Where do you start! I have hundreds of slide photos taken on Fujichrome slide film with a Pentax ME-Super from 1983 whilst I was working in Mount Hagan Hospital in Papua New Guinea – these have recently been scanned. Its interesting to see how soft and vibrant these images are compared to the modern digital.

A young Ian Purves repairing yet another axe wound to the head

There a so many events whilst I was in Papua New Guinea from war in local coffee plantations to medical patrols to the Sepik River and mountain villages where the people had never seen a person with white skin. Looking through the images I thought I would start with a wedding I was invited to by a nurse at the hospital from Eastern Province – it was in the area (I think near Okapa) where Kuru started and so was of medical interest!

Slight background – Papua New Guinea in those days (and maybe still) was a dangerous place – there where 750 known languages (it seems there are now 823 known) the reason is that every tribe (in pigeon ‘wan tok’) spoke its own language and lived in its own mountain ‘valley’ – if you crossed the ridge you got killed and eaten! There was no intermingling. It seemed cannibalism and generations of war had taken its toll though death and kuru and two large tribes (wish I could remember the names) decided to intermarry the respective chief’s daughter and son – I was on the brides side. Toyota Landcruiser big heavy but gots us around ... near the one road

The journey was a long one, East along the only road in Papua New Guinea the ‘Highlands Highway’ and then off road through the jungle for hours in a borrowed Toyota Landcruiser.

Would you eat these ... certainly not with Pawpaw!The next day I watched preparations with mumu being prepared – pig cooked in pits with hot rocks and then layers of banana leaves and then soil – the guests were to eat it with pawpaw – if only I had known – I spent the following week dealing with loads of cases of a horrible disease Pigbel Syndrome (or Enteritis Necroticans). The following morning we are awoken by drums from the next valley – loud and gradually getting nearer. I spent time taking photos of the bride and family.

The BrideThe Brides Father

 Brides Mother Brides Brother

Then the groom and his family turned up in a hurry armed to the teeth I got in the way as they arrived. Over the next hour a few scores were settled and seemed the wedding was off – I escaped and put some distance from the fighting. However news came all was well and given the Landcruiser was back at the wedding I returned.

I really should have been more careful ... lucky I was white and obviously not one of the family
Seems to be settling down?

Close call ... guy thinking "Who the hell is he?"
Planning who get's it next!

I am not sure when the ‘ceremony’ took place but large poles had money attached to them and lots of dancing singing and drums filled the day.

The Groom
War ... it's all a little boring ...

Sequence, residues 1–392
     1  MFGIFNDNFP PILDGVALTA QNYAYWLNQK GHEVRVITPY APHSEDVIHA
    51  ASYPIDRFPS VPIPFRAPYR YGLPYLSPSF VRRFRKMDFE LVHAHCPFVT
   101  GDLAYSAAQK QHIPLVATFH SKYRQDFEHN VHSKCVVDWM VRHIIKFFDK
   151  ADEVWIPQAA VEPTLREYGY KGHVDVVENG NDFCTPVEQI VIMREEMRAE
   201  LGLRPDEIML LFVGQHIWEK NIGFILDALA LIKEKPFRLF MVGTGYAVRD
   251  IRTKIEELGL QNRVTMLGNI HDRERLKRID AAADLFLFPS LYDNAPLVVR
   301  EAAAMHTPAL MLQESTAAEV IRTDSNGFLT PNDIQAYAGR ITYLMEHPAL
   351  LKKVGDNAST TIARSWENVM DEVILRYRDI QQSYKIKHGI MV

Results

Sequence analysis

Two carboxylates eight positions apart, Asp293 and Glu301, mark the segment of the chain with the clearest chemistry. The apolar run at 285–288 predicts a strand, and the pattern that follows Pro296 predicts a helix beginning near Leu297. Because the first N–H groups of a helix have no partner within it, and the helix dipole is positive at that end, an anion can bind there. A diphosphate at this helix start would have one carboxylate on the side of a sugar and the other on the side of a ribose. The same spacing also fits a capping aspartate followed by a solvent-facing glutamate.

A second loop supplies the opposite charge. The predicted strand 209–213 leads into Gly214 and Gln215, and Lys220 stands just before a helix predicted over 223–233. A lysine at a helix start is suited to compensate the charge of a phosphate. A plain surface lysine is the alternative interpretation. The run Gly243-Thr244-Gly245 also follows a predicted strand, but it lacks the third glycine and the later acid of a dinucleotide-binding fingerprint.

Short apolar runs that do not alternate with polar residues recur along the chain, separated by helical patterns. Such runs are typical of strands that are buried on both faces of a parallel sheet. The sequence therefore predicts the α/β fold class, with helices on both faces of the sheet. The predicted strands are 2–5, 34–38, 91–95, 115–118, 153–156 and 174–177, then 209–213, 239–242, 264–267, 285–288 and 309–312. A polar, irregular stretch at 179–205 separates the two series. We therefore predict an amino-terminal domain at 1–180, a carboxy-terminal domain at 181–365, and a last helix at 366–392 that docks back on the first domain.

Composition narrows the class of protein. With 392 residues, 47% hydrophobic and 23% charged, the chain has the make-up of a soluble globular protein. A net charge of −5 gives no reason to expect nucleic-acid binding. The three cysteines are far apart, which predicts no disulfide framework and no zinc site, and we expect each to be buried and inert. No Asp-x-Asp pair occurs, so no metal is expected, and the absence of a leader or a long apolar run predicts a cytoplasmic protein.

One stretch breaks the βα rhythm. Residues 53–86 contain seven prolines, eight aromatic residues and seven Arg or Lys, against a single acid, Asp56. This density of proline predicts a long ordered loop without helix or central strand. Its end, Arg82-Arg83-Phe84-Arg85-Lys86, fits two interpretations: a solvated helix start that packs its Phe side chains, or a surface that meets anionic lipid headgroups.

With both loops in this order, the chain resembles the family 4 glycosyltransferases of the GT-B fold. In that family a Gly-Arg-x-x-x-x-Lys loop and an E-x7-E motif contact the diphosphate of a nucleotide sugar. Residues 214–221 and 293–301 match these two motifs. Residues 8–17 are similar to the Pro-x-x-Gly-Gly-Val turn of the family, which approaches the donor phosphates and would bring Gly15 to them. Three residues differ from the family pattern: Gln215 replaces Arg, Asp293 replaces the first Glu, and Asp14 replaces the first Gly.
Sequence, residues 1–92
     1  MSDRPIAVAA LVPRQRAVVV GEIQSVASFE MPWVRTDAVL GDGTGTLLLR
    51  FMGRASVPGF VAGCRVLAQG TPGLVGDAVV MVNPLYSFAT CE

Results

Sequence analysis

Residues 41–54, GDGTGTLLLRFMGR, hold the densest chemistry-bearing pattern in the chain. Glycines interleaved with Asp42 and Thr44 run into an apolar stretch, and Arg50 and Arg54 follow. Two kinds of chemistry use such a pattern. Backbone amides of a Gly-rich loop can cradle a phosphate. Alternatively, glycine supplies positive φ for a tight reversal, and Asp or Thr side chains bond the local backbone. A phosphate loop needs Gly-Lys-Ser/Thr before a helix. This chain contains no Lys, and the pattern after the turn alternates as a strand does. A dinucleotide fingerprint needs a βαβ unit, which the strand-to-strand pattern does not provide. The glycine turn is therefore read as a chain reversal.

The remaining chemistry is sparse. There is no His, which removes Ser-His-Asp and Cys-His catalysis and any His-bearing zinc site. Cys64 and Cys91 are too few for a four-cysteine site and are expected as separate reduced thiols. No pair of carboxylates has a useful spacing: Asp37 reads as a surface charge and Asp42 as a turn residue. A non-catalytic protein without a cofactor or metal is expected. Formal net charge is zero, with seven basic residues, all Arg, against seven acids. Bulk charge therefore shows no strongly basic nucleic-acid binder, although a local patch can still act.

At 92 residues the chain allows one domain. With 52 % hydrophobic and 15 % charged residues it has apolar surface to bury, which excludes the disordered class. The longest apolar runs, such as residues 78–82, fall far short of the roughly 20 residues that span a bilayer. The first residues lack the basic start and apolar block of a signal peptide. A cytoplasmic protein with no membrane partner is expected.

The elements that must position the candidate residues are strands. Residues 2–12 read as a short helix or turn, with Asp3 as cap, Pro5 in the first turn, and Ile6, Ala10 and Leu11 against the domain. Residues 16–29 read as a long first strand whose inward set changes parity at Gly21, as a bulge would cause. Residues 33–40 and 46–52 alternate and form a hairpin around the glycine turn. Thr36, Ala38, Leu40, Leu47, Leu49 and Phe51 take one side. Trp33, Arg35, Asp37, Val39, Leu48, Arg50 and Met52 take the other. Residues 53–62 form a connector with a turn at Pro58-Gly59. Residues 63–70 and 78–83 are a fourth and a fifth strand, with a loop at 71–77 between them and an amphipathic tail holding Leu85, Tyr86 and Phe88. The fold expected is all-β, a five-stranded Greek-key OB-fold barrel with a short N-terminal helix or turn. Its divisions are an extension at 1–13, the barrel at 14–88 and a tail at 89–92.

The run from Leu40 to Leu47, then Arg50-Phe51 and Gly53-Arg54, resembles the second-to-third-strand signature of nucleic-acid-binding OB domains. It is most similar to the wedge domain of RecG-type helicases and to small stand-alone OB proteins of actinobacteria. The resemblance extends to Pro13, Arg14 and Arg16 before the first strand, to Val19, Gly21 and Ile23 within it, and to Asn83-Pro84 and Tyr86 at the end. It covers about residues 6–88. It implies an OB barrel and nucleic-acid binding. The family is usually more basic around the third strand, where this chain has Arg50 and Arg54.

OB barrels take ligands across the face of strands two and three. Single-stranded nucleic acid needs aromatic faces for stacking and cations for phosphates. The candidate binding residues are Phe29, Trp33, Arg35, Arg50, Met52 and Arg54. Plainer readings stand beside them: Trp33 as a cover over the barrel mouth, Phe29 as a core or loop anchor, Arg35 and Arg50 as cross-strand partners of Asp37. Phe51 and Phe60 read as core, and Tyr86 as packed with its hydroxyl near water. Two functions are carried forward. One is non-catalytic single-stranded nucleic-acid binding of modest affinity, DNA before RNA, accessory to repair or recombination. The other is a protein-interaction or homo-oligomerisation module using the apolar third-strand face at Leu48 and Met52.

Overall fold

Hiding from the carnage "Told you it would be good fun"

"Do I have to be nice to him dear"
Proud elder
Did you catch those birds?

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Well there was a stable high pressure system over the UK, a great forecast with some cloud but little if no wind! Reflections came to mind and given an abortive attempt a few weeks ago on this front at Buttermere I thought we would have another go. My Zeiss 21mm was still in Germany getting repaired and broken Lee filters on back order, after my fall in Skye, so I was stuck with my Nikon 16-85mm f3.5-5.6G VR ED AF-S DX Lens for wide angle and Cokin filters. I packed my D7000 but was determined to use my D800 with Nikon 50 / 1.4G or the 70-200 / 2.8 … all best plans.

We stayed at the Bridge Hotel to give easy access to the lake and Mountains. We walked round the lake on the Saturday afternoon and I soon started to get irritated with the D7000 – it was a high contrast situation and the blinkies were going wild and I had to knock the EV down so I switched the 16-85mm to the D800 which automatically shifted into DX mode and the blinkies went away. Initially I was irritated by the severe vignette in the viewfinder, which is not present on liveview but I was walking. After awhile I noticed the thin black line showing the DX frame area in the view finder – all was well and I easily adapted. Unfortunately even the slightest breath of wind create ripples on reasonable size lakes so no reflections.

Tree Old Stump

Trees at Buttermere
Sunset at Buttermere

Got up 0530 for dawn and trotted down the lake – bugger slight breath of wind but nice sky. As it turned out in the next hour the cloud was all to the East – bugger. So mediocre images – plus chromatic aberrations or what thank goodness for Lightroom – come home Zeiss. I was just going to go off for breakfast when the slight breeze ended and within 15 minutes a mirror lake – but no dawn light. I’ll just have to got back.

Single Tree Buttermere Frozen Lake - Buttermere

Reflections Buttermere Reflections Buttermere

Spent the day walking up Haystacks which I haven’t done for years – all the tarns where frozen so no reflections – LOL. Also the 16-85mm kept disappointing so only going to show you one image – however what a brilliant day and its a fantastic walk – happy man.

Blackbeck Tarn

Click icons to see Bridge Hotel and photoshoots – zoom out for Haystacks and tarn

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